Being able to see the work four times before sitting down to write about it is perhaps the most unique privilege and what we search for in looking at the role “embedded critic”: in following the creation – or recreation – of the I Met model, I now, hopefully, get to give more than a cursory review of one show, and instead get to write about what the Bureau have created as a model. A unique show model, perhaps, takes a unique writing model.

The Australian Bureau of Worthiness is the creation of artists Emma Beech and Tessa Leong, and often operated with James Dodd. It’s model is simple: go into a community and discover who they are and what is important to them through the use of a simple question: What makes your day worth it?

No justification or further exploration is given for the question: some answer with the small – seeing someone’s smile, the sound of a packet of biscuits being opened, some offer up answers of the deeply philosophical – the ways they intend to change the world, some can’t offer up an answer at all – nothing.

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Kumuwuki: On hubs.

In the least intimate venue, Hania Radvan attempted to host an intimate conversation on our place is your place, discussing hubs and places in communities.

“It is easier to get a place built then maintained,” said Radvan. “Why are we caught up so much with centres, with hub, with shared spaces?”

“Hubs: it’s a simple concept, but communities are complex, and how do we meld the two?”

Ashleigh Bunter comes from Toowoomba in Queensland, where she is an curator and arts worker, currently working with the Toowoomba Regional Arts Gallery and is director of A. Bunter Projects. With 130,000 people, it is the largest inland non-capital centre town in Australia. She said it is a city where “young, emerging artists are really getting active and creating space for themselves.”

She recently returned to Toowoomba from living in Sydney, and she said she “came back with fresh eyes and looked around at the people working there and found it really exciting.”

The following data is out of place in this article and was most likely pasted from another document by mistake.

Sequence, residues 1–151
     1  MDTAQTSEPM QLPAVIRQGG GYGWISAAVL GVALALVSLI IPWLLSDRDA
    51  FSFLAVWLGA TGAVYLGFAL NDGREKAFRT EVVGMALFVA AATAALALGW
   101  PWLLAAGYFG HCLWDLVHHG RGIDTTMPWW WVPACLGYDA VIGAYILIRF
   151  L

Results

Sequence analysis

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Kumuwuki: Youth Arts Policies

Pitched by Jim Lawson, the director of Young People and the Arts Australia (the national peak body for organisations and practitioners that engage children and young people in the arts, and the Australian member of ASSITEJ), Youth arts policies do not run on a standard gauge track took a brief look at the various policies relating to youth arts in Australia. Youth arts is work by, and work for, children and young people, with young people typically being defined in Australia as people under 30.

Lawson spoke about how these conversations are also about the “wave of change in youth arts, and perhaps the waves of change that are happening nationally.”

In Australia, he said, “youth arts is now an incredibly sophisticated incubator of the arts and artists”, and spoke about the great success Australian companies that are making work for young people are happening. In particular, many of theatre companies making work for young people are touring internationally, as both myself and Cameron Woodhead have recently written about.

Lawson said “the development of policy for young people in the arts has developed for some states and not others”, and these policies don’t only exist at the state level, but local governments can also have very dynamic youth arts policies.

He noted the Australia Council’s youth arts policy is now ten years old, and some states are even older. “Certainly a lot has changed in ten years.”

While policies can sometimes be derided as just being talk, said Lawson, and “there is a lot to be said for actions speaking; while policies may be just talk, I think it’s vital.”

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Kumuwuki: thinking sustainably

Saturday Plenary 

Tom Trevorrow is an Ngarrindjeri Elder, and the chair of the Ngarrindjeri Heritage Committee and the manager of Camp Coorong a living cultural museum in the land of the Ngarrindjeri people. With members of his community, Trevorrow worked in the creation of the The Ngarrindjeri Sea Country Plan [PDF], a document aimed at “government agencies, natural resource managers, researchers, industry and the wider Australian community to better understand and recognise rights and responsibilities to our Yarluwar-Ruwe (Sea Country), including the lower Murray River, Lakes, Coorong and adjacent marine and land areas.”